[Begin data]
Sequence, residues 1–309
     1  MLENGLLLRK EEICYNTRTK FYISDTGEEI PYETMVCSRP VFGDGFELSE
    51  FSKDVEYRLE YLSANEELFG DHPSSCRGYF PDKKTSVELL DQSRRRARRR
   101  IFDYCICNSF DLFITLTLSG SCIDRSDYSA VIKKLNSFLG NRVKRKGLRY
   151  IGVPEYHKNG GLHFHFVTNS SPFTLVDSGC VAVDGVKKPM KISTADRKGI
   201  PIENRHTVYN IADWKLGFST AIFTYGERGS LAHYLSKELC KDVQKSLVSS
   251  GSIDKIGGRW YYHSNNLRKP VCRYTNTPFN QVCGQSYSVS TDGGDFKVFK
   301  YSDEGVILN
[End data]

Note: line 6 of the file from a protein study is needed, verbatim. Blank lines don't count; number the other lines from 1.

   201  PIENRHTVYN IADWKLGFST AIFTYGERGS LAHYLSKELC KDVQKSLVSS